Each year, officers in the North East Region investigate more than 700 calls relating to Fraud. Unfortunately, in many of these cases, people have fallen victim to the scam, losing money in the process.
The CAFC estimates that they only receive information about 5% of fraud that occurs in Canada. They identify four of the top scams in 2018 in Canada as:
- Extortion – 23,734 complaints, over $10.2 million in losses;
- Phishing – 6,695 complaints, over $120,000 in losses;
- Romance – 1,075 complaints, over $22.5 million in losses; and
- Wire Fraud – 355 complaints, over $12.5 million in losses.
Extortion – Fraudsters call consumers impersonating the Canada Revenue Agency (CRA) claiming a recent audit has identified discrepancies from past filed taxes. Repayment is required immediately. Fraudsters threaten consumers that failure to pay will result in additional fees and/or jail time. Fraudsters often request payment by a money service business or pre‐paid cards or gift cards (iTunes).
Phishing – Traditional phishing emails are designed to trick the victim into thinking they are dealing with a reputable company. Emails are sent with the intentions of capturing personal information and/or financial information, which can be used for identity fraud.
Romance – The scammer will gain the trust of the victim through displays of affection and will communicate via phone, skype and email for months if needed to build trust. The scammer will often claim to be working abroad, usually in a lucrative business venture. Eventually the scammer will want to meet with the victim in person. It is at this time that the scammer will inform they cannot afford to travel and will ask for money to cover travel costs.
Wire Fraud – In the Business Executive Scam (BES), also known as the Business Email Compromise, the potential victim receives an email that appears to come from an executive in their company who has the authority to request wire transfers. In some cases, the fraudsters create an email addresses that mimics that of the CEO or CFO. In other cases, the fraudsters have compromised and used the email account belonging to the CEO or CFO. The spoofed email message will be sent to an employee that has authorization to conduct wire transfers. The email will indicate that the “executive” is working off‐site and has identified an outstanding payment that needs to be paid as soon as possible. The “executive” instructs the payment be made and provides a name and a bank account where the funds, generally a large dollar amount, are to be sent.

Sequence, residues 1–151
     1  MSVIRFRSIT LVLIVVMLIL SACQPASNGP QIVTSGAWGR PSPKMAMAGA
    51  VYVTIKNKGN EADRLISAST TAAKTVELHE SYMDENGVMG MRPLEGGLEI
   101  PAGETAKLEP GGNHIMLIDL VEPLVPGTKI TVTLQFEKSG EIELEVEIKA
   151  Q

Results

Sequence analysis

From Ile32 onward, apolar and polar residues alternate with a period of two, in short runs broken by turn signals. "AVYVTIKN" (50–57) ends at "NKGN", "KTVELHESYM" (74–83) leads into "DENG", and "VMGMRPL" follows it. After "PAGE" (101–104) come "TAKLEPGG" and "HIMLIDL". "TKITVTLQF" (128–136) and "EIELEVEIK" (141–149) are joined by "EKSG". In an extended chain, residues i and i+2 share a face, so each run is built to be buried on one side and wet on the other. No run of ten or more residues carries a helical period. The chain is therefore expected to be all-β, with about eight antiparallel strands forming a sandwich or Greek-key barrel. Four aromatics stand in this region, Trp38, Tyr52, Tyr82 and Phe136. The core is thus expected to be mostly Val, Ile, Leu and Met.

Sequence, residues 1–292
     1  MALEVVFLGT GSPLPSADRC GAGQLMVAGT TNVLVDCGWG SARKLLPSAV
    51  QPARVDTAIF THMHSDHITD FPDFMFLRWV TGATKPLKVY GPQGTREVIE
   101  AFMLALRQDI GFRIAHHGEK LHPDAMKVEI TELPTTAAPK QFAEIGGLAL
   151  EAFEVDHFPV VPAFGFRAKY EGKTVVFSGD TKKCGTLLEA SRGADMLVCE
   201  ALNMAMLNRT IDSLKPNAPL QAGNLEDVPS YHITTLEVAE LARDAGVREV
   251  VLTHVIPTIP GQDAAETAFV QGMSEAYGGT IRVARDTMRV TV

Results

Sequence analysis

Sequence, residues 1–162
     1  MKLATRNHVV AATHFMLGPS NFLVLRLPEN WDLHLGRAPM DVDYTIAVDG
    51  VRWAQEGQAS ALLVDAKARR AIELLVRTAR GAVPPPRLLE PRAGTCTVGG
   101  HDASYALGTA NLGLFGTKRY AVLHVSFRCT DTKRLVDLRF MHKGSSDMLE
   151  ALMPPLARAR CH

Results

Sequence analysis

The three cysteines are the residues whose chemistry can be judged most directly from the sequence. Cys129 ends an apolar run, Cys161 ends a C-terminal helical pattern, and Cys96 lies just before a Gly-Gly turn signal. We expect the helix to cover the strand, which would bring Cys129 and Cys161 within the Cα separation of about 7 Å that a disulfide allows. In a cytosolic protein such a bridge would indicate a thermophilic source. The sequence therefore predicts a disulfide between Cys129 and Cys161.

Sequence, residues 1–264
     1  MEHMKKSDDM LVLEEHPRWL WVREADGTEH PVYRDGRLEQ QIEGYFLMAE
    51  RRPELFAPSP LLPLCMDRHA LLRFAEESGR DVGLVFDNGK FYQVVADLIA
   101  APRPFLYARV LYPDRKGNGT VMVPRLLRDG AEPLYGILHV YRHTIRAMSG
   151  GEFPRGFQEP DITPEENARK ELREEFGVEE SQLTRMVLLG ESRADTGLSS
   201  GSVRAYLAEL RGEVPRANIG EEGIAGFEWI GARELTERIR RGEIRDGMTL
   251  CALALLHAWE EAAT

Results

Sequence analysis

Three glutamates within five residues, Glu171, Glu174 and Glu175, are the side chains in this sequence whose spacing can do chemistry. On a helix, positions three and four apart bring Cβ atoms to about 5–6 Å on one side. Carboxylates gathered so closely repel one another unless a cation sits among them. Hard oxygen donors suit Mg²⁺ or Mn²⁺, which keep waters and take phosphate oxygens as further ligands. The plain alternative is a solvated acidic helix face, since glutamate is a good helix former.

Losses are typically in excess of $100,000.
Regardless of age, gender or location, everyone can take basic steps to better protect themselves from becoming a victim of fraud. Some basic tips include never giving out personal or financial information at the door, over the phone, by e-mail or through social media, or on to unsecured retail or dating websites. Don’t click on anything that you didn’t initiate – such as a link in an email or text message. If you do fall victim to a scam, individuals are urged to continue to report these scams to police even if a financial transaction did not occur.
Fraud Prevention Month is about the fraud prevention community working together to create greater awareness and to highlight the various ways that all Canadians are being targeted by fraud. By emphasizing the education component, Canadians can be better prepared. So please continue to talk about fraud with people of all ages – your children, parents, neighbours, friends and customers.
If you or someone you know suspect they’ve been a victim of fraud, contact your local police service and the Canadian Anti-Fraud Centre by phone or online by creating an account in the Fraud Reporting System (FRS).
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